Life is anything but dull in the Great Okeeadokia Swamp. At Lester's Bog Mart Convenience Store, locals gather to purchase supplies, check out video rentals (a wide selection of three) or try Lester's delicious "Almost Fresh Catfish" or "Kind of Fried Chicken." The local book club has been working on "War and Peace" for months, and they're up to page 5. Young local resident Everett Mudd is trying to make a low-budget independent horror film which he wants to enter in the Sundown Film Festival. Five biology students become lost in the swamp when their professor is paralyzed after being bitten by the toxic Okeeadokia toad. The students, all from the big city, learn the hard way that nature isn't always kind. Add a trio of travelers whose car breaks down in the swamp, the laziest volunteer fire department in history, and some really scary reptiles and we have swamp life at its silliest. Full evening.
PLAYWRIGHT BURTON BUMGARNER
TALKS ABOUT "SWAMP ROMP"
Q.: WHAT INSPIRED YOU TO WRITE THE PLAY?
A.: An intense fear of swamps. I'm especially afraid of alligators, venomous snakes, disease-spreading insects, brackish water, exotic plants and mud. Whenever Animal Planet or Discovery Channel runs shows about marshes I feel like I'm watching a horror movie.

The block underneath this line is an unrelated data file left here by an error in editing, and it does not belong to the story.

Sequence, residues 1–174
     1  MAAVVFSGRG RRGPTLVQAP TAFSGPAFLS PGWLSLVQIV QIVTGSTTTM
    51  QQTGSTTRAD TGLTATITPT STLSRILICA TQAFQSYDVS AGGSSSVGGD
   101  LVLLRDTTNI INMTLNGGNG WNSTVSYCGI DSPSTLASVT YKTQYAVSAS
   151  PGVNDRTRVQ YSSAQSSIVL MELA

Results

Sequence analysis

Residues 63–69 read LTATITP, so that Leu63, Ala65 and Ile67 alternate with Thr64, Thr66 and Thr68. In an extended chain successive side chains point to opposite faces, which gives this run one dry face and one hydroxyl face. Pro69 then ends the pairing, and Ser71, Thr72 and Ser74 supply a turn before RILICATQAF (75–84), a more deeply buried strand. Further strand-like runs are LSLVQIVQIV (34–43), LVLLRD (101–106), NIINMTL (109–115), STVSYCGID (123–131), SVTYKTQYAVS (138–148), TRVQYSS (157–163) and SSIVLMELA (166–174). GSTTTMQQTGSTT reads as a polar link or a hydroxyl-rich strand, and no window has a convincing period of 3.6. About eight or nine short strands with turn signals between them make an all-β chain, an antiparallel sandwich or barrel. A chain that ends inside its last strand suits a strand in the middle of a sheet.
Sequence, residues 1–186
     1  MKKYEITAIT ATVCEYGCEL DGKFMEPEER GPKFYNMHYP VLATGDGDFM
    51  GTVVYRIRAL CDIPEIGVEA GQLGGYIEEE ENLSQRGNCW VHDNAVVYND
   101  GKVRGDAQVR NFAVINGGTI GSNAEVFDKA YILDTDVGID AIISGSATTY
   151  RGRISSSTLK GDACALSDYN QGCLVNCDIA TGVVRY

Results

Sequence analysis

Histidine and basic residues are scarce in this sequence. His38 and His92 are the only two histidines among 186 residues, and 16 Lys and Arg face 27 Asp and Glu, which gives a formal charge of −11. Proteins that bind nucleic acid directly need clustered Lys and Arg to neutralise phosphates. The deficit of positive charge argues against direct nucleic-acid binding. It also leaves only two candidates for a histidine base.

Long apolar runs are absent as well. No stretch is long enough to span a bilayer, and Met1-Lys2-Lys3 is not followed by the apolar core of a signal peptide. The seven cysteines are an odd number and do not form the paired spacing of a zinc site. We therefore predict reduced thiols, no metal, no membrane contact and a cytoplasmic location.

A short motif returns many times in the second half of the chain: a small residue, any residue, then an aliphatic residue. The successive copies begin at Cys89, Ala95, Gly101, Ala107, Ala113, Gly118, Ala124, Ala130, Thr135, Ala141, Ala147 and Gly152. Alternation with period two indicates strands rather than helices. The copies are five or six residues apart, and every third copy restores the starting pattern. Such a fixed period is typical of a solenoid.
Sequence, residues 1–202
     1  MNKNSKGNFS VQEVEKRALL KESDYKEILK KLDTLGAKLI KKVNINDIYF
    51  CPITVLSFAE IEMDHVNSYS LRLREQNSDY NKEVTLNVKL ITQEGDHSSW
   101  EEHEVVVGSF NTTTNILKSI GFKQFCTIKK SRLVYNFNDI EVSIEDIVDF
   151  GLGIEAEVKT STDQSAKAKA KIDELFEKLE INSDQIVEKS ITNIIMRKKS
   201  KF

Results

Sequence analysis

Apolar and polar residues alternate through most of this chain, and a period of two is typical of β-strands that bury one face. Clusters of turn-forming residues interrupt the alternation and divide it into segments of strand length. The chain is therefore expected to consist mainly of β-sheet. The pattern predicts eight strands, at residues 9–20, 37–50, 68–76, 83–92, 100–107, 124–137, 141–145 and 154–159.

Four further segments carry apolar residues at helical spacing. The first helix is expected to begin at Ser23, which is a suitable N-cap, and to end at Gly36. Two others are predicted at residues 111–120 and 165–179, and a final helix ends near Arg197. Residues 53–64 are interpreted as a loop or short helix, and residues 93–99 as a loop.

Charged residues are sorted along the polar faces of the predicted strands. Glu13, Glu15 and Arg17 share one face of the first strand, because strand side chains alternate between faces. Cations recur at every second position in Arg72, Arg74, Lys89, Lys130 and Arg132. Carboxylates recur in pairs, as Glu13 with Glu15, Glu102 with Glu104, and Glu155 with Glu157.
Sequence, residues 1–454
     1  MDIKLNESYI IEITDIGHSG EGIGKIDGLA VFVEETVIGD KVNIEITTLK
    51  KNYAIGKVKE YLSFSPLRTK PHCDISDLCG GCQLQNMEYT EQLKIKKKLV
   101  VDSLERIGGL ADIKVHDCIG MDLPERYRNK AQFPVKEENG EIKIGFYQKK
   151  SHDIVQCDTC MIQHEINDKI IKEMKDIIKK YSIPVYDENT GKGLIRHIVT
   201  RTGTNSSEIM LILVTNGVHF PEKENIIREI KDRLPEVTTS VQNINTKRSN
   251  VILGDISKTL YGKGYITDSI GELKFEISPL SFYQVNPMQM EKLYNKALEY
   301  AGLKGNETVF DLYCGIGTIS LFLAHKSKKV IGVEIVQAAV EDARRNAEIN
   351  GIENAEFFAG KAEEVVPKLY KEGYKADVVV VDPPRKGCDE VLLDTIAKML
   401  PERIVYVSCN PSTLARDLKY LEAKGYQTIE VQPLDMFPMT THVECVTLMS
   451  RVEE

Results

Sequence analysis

Q.: WHAT IS YOUR FAVORITE PART OR LINE IN THE PLAY? WHY?
A.: I love the character of Everett trying to make a no-budget independent horror movie with a camcorder, two actors and a jar of marinara sauce. He doesn't have a screenplay ... or a clue. Still, his desire to enter the Sundown Film Festival drives him forward. And he won't let a little thing like a lack of talent get in the way of his dreams.
Q.: TELL US ABOUT SOME OF THE CHARACTERS.
A.: In a south Georgia swamp we find a biology professor and students who become lost, a book club trying to read "War and Peace" (they've been at it for nine months and they're up to page 5), Everett the wannabe horror film director (see previous question), some New Yorkers whose GPS device tells them they're in downtown Baltimore, some underachieving volunteer firemen, and some angry bees. It's the kind of literary work Nathaniel Hawthorne would have written if he had lived long enough ... or maybe not.
Q.: WHAT DID YOU HOPE TO ACHIEVE WITH THIS PLAY?
A.: I want people to be careful whenever they visit the Everglades.
Q.: ANYTHING ELSE YOU'D LIKE TO SAY ABOUT THE PLAY?
A.: It's a very funny play, and I'm really not afraid of swamps.